China’s 'ping-pong prince' suspended over casino suit
One of China’s best known table tennis champions has been suspended as head coach of the national women’s team, officials said yesterday, following reports he was at the centre of a gambling debt lawsuit.
Kong Linghui has been sent home from the World Table Tennis Championships in Germany to assist an investigation into the scandal, China’s state Xinhua news agency said.
“His acts have been a serious violation of the disciplinary provisions of national public officials,” the China Table Tennis Association said in a statement announcing its decision to suspend Kong and order him to come home.
Table tennis has a huge follow- ing in China, which has long dominated the event on the global stage, and the allegations against the Olympic gold medallist — nicknamed “ping-pong prince” — Kong are dominating domestic headlines.
In a post on his Weibo social media account, 41-year-old Kong said he was “deeply disturbed by the negative impact” of the incident but denied he had been gambling.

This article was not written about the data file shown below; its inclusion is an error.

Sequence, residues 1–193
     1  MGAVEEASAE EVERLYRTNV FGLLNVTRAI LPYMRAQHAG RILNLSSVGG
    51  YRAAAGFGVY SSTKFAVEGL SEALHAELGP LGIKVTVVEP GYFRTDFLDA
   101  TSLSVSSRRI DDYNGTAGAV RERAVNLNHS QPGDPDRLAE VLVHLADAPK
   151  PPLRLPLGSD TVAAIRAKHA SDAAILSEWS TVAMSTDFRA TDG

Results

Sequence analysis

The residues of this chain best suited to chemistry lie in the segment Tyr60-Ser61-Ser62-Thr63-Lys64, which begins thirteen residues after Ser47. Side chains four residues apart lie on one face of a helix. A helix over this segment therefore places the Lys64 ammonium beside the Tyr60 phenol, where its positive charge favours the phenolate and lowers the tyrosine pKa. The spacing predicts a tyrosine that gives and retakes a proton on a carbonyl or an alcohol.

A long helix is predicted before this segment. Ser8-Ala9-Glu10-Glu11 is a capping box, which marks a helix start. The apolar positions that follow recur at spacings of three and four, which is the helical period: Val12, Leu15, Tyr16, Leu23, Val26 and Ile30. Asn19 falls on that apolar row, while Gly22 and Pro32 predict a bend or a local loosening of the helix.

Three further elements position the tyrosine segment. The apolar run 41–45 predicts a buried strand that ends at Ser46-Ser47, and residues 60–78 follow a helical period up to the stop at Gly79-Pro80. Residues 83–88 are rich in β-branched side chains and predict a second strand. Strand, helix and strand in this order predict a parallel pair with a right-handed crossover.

“My friends and family members went downstairs to the hotel’s casino to entertain themselves. I stood by to watch them. During the time they were play- ing I went to get chips for them and left my personal information,” Kong said.
He added that the “debt dispute” involved some of his friends and relatives.
But China’s top sport governing body said it had a “zero tolerance” for “any kind of violation of professional ethics and illegal acts.”
“Well-known athletes and coaches should pay more attention to their public image and the social impact (of their behaviour) and take the lead in complying with disciplines and laws,” the General Administration of Sport said on its website.